Tom Shafer

Finding an entry door that fits

April 03, 2013

One of the least expensive ways to improve your home's facade -- and even give it a whole new look -- is to install a new front door. Replacing a plain entry door with one that includes decorative glass can add distinction to the exterior of your home. But be aware, there's more to selecting and installing a new entry door than you might think.

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Entry door replacements: what you might not know

Many homeowners choose a door by browsing retail stores and door showrooms, searching online and flipping through magazines, or checking out other doors in the neighborhood. That's the easy part. But once they make a decision, purchase a new entry door and attempt to install it, that's when they can run into problems, especially replacing an existing fiberglass door.

Fiberglass front doors are 36 inches-by-80 inches -- at least, according to the manufacturers. In reality, new fiberglass entry doors typically measure 35 7/8", 35 13/16", or 35 ¾". Heights are also varied -- 79 11/16", 79 ¾", and so on. A fiberglass entry door replacement that's an exact fit is a rare find unless it comes from the same manufacturer as your original door.

Even then, there are pitfalls. The door opening can be out of square or out of plumb due to the house settling, so the exact same door might not fit tightly either -- or close easily -- and the weatherstripping might not fill the gaps completely to prevent drafts and air leakage.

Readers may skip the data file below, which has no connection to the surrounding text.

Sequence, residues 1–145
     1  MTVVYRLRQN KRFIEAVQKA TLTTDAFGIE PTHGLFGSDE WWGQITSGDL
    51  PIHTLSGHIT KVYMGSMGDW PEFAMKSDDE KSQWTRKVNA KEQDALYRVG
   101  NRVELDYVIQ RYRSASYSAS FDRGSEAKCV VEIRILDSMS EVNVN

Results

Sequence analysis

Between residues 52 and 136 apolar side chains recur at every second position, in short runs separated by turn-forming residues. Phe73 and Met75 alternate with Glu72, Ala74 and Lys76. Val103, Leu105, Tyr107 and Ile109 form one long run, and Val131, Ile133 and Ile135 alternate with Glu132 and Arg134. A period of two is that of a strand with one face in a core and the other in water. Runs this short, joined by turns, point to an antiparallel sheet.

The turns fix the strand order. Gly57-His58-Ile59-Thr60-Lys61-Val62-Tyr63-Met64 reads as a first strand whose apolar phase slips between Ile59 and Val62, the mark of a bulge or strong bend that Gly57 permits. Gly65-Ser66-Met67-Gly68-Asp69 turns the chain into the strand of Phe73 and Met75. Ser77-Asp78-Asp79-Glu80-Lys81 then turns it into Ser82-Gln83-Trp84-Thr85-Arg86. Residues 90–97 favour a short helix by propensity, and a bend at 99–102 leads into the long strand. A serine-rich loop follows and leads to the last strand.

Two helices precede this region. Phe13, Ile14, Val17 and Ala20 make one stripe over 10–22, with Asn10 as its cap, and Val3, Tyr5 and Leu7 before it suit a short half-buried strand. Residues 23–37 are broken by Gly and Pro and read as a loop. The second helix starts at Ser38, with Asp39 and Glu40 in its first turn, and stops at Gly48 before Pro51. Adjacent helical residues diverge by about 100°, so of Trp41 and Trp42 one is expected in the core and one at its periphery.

Wood doors have an advantage in that they can be cut to size and planed to fit out-of-square door frames. They are almost always true to size -- a standard 36-by-80 inches. But a wood door cannot be used to replace an existing fiberglass door because the thickness of each differs.

Make the new front door an easy fit

The best solution is to replace the entire door, including the frame that is installed into the opening. However, if you have side lites, they have to be replaced also. A door with side lites is made as one unit, or made with the side lite frames attached in such a way that they cannot be separated from the door frame. In the case of a door with side lites on either side, they both have to be replaced.

Although more costly, replacing the entire door assures a tight fit. The weather-stripping makes contact with the entire perimeter of the door. The door is square. And the rough sill under the door -- which is almost always water-damaged -- is replaced.

Best of all, by replacing the door frame and the door together, you can choose a rot-resistant frame material at the same time you enhance your entry with energy-efficient, decorative glass lites. A new front door that gives your home curb appeal, saves energy and fits properly is truly a beautiful thing.

About the Author

Tom Shafer has decades of experience in window sales, marketing and product development. He's worked closely with window design engineers in testing, design, and building code interpretation. Past employers include United Windows and Doors and Norandex, MI Windows. He currently works at a home improvement retailer.

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